BCAAs may help you lose weight. (Benefits and risks of BCAA #2 )
Branched-chain amino acids (BCAAs) may help you lose weight by preventing weight gain and increasing fat loss. In fact, observational studies show that those who consume an average of 15 grams of BCAAs per day from their diet have a 30% lower risk of being overweight or obese than those who consume 12 grams per day. It’s worth noting, however, that those who ate fewer BCAAs also ate about 20 grams less total protein per day, which may have affected the results. BCAAs may help your body get rid of unwanted fat more effectively if you’re trying to lose weight.
BCAAs could help with liver complications. (Benefits and risks of BCAA #2 )
BCAAs may aid in the reduction of complications associated with liver failure. Hepatic encephalopathy (HE) is a possible complication that can cause confusion, loss of consciousness, and coma. According to a recent study, BCAA supplements may be more effective than other supplements in reducing the severity of HE in patients with liver disease. BCAAs, on the other hand, did not increase overall survival or reduce the risk of other complications like infections or gastric bleeding.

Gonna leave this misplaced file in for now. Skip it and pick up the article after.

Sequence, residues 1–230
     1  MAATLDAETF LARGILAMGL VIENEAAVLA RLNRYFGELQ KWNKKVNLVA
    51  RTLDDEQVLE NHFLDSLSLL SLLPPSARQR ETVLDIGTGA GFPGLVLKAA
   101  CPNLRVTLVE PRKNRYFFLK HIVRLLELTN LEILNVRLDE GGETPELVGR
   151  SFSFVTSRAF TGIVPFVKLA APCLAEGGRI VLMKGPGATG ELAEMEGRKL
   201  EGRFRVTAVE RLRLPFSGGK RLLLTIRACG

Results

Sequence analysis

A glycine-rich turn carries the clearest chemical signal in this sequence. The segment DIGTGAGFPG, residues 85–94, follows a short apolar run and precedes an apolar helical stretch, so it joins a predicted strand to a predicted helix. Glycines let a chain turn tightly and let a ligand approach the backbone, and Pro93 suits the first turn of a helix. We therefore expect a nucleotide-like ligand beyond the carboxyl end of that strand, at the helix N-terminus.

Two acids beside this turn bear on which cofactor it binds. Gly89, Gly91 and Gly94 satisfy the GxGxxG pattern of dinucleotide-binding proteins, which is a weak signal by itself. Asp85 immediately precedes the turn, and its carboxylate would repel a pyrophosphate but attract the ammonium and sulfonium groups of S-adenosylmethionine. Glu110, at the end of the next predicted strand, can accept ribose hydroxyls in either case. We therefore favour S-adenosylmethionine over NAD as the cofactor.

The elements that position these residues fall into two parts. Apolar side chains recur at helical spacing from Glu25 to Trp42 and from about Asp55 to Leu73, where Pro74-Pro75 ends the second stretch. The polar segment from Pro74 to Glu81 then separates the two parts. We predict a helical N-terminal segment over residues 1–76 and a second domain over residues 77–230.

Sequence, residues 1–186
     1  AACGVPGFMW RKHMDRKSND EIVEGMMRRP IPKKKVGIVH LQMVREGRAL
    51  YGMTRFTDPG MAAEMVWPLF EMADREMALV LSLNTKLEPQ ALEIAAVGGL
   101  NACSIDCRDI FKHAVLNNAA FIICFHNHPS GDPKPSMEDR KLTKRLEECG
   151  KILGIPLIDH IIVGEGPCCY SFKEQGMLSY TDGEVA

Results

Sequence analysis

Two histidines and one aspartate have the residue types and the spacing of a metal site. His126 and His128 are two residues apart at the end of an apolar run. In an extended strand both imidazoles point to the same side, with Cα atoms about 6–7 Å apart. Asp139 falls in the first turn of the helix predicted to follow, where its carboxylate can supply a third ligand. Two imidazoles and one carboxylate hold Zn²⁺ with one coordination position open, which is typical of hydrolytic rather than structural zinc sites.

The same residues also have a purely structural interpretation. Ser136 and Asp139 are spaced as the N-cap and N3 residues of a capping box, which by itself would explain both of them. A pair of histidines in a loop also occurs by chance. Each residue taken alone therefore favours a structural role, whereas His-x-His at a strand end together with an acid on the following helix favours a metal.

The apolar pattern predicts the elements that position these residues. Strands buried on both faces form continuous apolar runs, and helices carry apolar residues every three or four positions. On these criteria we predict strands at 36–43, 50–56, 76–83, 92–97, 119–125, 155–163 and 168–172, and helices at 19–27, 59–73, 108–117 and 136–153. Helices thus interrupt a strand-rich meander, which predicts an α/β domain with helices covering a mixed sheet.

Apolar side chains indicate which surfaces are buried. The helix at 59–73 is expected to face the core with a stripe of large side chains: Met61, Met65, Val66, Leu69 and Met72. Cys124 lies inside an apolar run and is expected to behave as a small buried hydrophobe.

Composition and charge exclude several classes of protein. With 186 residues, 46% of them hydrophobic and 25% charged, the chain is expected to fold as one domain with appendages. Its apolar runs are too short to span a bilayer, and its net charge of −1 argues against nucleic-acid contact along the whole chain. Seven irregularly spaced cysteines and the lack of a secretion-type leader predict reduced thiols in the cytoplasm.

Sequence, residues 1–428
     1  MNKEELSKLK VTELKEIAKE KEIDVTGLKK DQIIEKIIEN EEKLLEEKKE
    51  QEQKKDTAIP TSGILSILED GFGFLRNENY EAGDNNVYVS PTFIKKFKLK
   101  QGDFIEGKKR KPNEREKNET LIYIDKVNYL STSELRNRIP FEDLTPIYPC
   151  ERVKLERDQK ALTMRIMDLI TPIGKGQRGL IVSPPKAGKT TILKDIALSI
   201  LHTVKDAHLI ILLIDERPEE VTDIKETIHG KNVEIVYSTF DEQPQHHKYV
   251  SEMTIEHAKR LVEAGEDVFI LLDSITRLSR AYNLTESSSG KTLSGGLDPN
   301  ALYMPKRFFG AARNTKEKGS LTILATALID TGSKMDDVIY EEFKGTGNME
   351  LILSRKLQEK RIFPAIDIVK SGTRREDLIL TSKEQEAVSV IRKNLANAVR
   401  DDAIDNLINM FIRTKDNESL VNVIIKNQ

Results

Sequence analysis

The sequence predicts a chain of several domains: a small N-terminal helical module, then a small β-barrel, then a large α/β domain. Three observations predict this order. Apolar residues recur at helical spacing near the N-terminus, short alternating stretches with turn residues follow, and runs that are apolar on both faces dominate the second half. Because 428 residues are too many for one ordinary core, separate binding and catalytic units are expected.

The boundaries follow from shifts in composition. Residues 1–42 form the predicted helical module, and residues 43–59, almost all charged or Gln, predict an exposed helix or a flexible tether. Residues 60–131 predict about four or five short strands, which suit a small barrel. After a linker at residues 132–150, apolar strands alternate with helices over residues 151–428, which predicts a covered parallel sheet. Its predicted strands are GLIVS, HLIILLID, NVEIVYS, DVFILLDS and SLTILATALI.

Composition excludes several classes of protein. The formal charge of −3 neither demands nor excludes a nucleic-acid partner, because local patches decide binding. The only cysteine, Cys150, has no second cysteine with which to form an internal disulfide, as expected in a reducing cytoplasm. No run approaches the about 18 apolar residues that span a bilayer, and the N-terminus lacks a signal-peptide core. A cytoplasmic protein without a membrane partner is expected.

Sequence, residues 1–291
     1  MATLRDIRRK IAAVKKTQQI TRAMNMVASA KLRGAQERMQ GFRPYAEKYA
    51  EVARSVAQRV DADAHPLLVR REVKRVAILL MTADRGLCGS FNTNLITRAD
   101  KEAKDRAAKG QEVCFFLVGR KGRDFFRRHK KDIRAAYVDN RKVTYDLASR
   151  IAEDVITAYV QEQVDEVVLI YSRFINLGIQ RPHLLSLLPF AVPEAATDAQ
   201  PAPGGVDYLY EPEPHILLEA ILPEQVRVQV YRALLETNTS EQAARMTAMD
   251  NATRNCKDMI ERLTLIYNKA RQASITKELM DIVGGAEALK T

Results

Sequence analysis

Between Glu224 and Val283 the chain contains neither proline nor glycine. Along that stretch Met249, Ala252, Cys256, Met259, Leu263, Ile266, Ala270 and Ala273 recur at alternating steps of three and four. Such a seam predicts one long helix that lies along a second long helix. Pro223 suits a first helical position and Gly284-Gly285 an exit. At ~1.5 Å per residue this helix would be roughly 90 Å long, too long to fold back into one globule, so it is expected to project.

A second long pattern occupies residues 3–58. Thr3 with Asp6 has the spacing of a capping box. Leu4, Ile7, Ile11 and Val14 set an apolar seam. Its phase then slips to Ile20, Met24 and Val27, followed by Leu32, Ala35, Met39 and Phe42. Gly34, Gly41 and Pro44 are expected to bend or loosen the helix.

Risks of BCAAs
BCAAs have been linked to lung failure in people with amyotrophic lateral sclerosis (ALS, also known as Lou Gehrig’s disease), and should be avoided (17). ALS is a rare neurological disease that affects voluntary movement and usually results in death within 3 to 5 years.
Risk of seizures.
BCAA can increase the risk of seizures, so it’s best to avoid it if you have a seizure disorder.
Increases cardiovascular diseases.
Excessive consumption of BCAA supplements may be related to an increased susceptibility to cardiovascular disease, in addition to the effects on mood. Amino acid metabolism has been linked to the development of heart disease, according to research. BCAA concentrations have been found to be higher in people who have heart problems, for example.
High levels of BCAA are linked to the onset of type 2 diabetes, just as they are with cardiovascular diseases. It’s still unclear whether elevated BCAA levels are simply diseased markers, whether they’re a result of a loss of insulin, or whether they’re the cause of insulin resistance.
BCAAs may hinder your performance.
BCAAs have long been thought to help athletes perform better. This is because they prevent other amino acids like Tryptophan and Tyrosine from being absorbed. This may appear to be a good thing because it reduces fatigue by reducing Serotonin (a chemical produced by your body that can stimulate parts of your brain that help you sleep), but it isn’t. Low serotonin levels are linked to grumpiness (are you in a bad mood or something, mate?) BCAAs can also decrease catecholamine production, which can have a negative impact on athletic performance.